Appraisal of the New IStructE StairBuilt in 2014 when the Institution of Structural Engineers moved to a new headquarters in Bastwick Street, Expedition Engineers undertook the design of a staircase in the main atrium, as part of their commission for the building. Hugh Broughton Architects were the architects. It was based on traditional cantilever stair construction, but in a modern context with elegant precast treads, steel stingers and landings, which was shaped with the flow of the treads and risers, and a glass balustrade.
In the June 2015 edition of the Structural Engineer magazine the stair design was featured on the cover and the design described in the feature article on ‘Engineering HQ: the new home of structural engineering’. It is an interesting variation on a theme from traditional stone cantilevers. An alternative load path for the stair support is offered for discussion.
A traditional stone cantilever, like the one shown in the image (courtesy of Russ Hamer in Wikimedia Commons) shown of the Old Courthouse stair in Derby, comprises stone treads, which rest consecutively on each over from top to bottom of a flight. In simple terms, half the weight of each tread is carried directly in bearing into the supporting side wall, and half onto the tread below with the offset action creating a torsion in the tread which is resisted in the tall. The outer edge loading down the stair increases incrementally so that the bottommost treads gather the accumulated torsion from the treads above.A simplistic force diagram is shown to the right.
(Click here to search for images of the stair)
Ignoring the balustrade, a load path was investigated and modeled as a plate element model; with assumed 1.2m width of stair and 50mm deep precast concrete treads) and a continuous 75x30mm steel stringer.
The image to the right shows applied dead and live loads split, such that half the load acts on the outer stringer and half at the wall support. In short, the outer loads are supported by the stringer in compression (accumulating and being supported at mid landing).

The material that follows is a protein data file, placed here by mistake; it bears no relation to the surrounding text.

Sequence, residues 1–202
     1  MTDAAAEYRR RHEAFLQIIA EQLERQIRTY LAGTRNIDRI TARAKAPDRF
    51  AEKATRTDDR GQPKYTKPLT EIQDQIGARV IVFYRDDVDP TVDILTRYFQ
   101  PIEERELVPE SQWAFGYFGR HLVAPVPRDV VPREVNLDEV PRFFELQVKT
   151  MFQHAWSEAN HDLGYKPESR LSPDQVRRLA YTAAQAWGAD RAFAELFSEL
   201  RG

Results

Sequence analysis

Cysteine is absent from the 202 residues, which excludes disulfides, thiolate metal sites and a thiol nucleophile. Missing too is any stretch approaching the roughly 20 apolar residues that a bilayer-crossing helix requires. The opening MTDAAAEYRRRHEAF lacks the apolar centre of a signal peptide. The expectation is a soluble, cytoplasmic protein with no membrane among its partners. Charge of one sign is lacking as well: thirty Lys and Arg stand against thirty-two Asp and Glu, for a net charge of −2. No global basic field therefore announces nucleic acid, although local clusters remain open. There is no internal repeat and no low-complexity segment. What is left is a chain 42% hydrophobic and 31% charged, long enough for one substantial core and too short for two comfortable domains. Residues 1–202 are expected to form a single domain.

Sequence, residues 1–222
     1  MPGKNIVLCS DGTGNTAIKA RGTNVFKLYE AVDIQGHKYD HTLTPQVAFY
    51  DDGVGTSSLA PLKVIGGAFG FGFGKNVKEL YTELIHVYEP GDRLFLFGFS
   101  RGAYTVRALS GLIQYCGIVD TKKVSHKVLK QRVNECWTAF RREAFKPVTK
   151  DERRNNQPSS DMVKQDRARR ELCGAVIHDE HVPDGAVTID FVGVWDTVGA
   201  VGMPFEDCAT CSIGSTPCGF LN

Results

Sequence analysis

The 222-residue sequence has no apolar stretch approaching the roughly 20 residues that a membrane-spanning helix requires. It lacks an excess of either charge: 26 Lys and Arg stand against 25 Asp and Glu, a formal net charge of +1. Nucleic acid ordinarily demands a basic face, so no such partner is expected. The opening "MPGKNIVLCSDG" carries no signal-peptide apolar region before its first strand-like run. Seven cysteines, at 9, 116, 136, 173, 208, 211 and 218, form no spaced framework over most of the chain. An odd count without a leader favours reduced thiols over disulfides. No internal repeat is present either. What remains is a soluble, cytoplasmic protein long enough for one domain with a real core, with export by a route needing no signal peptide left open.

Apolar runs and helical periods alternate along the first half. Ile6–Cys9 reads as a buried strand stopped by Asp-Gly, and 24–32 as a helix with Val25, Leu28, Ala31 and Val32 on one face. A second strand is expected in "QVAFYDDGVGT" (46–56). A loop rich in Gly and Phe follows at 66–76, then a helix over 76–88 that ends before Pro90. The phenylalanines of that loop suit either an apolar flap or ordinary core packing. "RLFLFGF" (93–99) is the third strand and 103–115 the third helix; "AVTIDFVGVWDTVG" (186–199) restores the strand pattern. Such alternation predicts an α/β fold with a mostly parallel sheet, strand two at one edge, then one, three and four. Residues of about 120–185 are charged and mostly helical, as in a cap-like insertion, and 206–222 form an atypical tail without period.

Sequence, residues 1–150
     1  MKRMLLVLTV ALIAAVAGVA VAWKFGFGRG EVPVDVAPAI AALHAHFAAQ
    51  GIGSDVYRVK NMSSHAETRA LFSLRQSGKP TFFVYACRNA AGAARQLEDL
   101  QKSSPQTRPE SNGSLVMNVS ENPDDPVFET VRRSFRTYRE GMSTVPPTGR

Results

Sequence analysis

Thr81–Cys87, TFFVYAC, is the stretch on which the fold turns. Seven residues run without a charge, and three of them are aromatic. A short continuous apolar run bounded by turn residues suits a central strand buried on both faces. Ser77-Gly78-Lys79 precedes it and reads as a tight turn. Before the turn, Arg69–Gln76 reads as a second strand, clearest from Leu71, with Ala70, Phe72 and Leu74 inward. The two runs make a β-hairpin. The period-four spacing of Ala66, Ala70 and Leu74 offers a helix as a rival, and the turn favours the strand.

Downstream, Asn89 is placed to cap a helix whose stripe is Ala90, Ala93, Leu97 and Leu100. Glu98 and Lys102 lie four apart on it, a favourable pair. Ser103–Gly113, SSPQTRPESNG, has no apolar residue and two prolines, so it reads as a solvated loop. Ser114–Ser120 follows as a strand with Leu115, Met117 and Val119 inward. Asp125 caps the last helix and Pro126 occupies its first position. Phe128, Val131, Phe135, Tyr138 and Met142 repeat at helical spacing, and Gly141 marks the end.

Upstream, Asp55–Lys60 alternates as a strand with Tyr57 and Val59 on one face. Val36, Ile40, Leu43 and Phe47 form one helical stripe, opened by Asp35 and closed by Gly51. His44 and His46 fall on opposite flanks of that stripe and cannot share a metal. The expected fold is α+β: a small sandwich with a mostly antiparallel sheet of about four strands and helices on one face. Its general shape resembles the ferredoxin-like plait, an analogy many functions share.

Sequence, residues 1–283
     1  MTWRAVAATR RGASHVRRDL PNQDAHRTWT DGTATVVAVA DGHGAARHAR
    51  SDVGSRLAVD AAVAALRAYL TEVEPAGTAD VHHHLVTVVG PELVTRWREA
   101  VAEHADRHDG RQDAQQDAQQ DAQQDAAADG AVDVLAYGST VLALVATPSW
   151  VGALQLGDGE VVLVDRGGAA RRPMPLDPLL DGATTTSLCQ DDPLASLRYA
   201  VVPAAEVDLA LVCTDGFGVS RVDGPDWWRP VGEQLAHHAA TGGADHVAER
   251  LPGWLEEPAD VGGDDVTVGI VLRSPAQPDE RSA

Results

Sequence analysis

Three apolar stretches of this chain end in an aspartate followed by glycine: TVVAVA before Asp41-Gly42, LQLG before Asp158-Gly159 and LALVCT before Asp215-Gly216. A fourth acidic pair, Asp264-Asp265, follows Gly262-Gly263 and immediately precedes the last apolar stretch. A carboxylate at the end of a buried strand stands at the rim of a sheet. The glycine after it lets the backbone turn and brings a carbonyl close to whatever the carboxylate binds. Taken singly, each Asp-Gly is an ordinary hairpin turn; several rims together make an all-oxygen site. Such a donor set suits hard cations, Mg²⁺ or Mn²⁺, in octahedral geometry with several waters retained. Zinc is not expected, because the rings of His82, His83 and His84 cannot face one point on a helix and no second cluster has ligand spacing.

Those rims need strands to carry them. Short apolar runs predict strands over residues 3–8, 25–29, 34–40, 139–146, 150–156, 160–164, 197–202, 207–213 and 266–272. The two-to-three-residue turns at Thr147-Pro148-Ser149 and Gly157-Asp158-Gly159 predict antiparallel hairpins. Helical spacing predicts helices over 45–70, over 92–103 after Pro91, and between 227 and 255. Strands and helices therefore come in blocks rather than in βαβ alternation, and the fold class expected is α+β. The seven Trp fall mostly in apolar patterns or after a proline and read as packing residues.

The stringer has its bending moment virtually eliminated by the resistance in torsion through the tread tie rods which are fixed into the wall. Herein lies the interesting point, in that, unlike traditional cantilever stairs, where the torsion accumulates, the presence of the stringer causes the torsion in each individual tread to be resisted locally into the wall. A neat trick, if you like, to slim down the treads. The diagrams below are the hand drawn load path and output from the model local to the tread above the half landing.
As an aside, with the glass balustrade built into the model it contributes significantly to the overall structural stiffness. In terms of dynamic characteristics, this serves to raise its natural frequency and to provide damping. Its weight was added to the model and hand checks, but ignored in the model.
A different load path assessment from the article perhaps, but there are different ways to look at structures. It is important to be able to break down the analysis and to question models with hand diagrams in order to understand how each component contributes to the design, which will in turn govern each detail.
Well done to the architect and engineers on creating such an elegant solution.